Tuesday, November 21, 2006

Driving a Pack of Hounds

Most of my students have left for home already. I do have a 6:00 class which I must get to in just a moment--maybe there are one or two students left who need me. In between classes, I've been reading about the poet John Berryman, one of the "confessional" poets I plan to discuss in "From Angst to Art" next semester. In the Introduction to Berryman's collected poems, Charles Thornbury reveals that Berryman was a man of great intensity, even when he read. In a letter to his mother, Berryman describes reading Crime and Punishment:

How shall I tell you how I am reading it? As if I were driving a pack of hounds through a wood, feverishly; only every tree and bush is so unbearably interesting and exciting that I'd like to stop and examine it for a long time, but the hounds are off ahead and won't stop. ... My faculties are raging out in front of me. I haven't felt so powerfully in a long time. Even my unhappiness is acute, sharp, engaging.

Here, I think, Berryman does describe what it feels like to read a great book.


Cynthia said...

Here, I think, Berryman does describe what it feels like to read a great book.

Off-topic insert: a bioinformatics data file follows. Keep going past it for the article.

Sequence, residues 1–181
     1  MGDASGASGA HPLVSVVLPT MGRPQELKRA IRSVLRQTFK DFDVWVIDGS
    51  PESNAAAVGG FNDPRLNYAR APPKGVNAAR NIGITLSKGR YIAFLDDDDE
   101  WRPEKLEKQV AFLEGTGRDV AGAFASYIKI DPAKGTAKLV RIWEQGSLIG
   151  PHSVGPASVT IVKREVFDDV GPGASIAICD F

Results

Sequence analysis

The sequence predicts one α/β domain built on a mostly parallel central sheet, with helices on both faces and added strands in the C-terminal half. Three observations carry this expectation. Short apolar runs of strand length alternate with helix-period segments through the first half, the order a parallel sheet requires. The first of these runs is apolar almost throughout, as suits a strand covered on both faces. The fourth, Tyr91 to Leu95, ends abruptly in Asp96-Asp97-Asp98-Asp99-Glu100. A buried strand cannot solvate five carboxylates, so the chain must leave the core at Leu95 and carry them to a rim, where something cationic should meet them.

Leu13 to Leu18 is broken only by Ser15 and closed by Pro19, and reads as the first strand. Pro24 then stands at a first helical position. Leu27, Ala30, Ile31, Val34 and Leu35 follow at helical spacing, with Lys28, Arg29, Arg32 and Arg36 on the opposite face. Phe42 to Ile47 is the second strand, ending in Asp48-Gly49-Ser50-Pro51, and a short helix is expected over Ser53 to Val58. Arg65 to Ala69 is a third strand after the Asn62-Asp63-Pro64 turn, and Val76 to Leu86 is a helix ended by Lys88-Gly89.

Indeed. He does so perfectly.

dreaminglily said...

True... it's exactly like that...




About Me

My photo
Northwest Ohio, United States
"I was no better than dust, yet you cannot replace me. . . Take the soft dust in your hand--does it stir: does it sing? Has it lips and a heart? Does it open its eyes to the sun? Does it run, does it dream, does it burn with a secret, or tremble In terror of death? Or ache with tremendous decisions?. . ." --Conrad Aiken


Search This Blog

Epistle, by Archibald MacLeish

What I'm Listening To

My Music

Great Artists

This is a Flickr badge showing public photos from theresarrt7. Make your own badge here.

Fave Painting: Eden

Fave Painting:  Eden

Fave Painting: The Three Ages of Man and Death

Fave Painting:  The Three Ages of Man and Death
by Albrecht Dürer

From the First Chapter

The Secret of Hurricanes : That article in the Waterville Scout said it was Shake- spearean, all that fatalism that guides the Kennedys' lives. The likelihood of untimely death. Recently, another one died in his prime, John-John in an airplane. Not long before that, Bobby's boy. While playing football at high speeds on snow skis. Those Kennedys take some crazy chances. I prefer my own easy ways. Which isn't to say my life hasn't been Shake-spearean. By the time I was sixteen, my life was like the darkened stage at the end of Hamlet or Macbeth. All littered with corpses and treachery.

My Original Artwork: Triptych

My Original Artwork:  Triptych



Little Deer

Little Deer



Looking Forward, Looking Back

Looking Forward, Looking Back

Blog Archive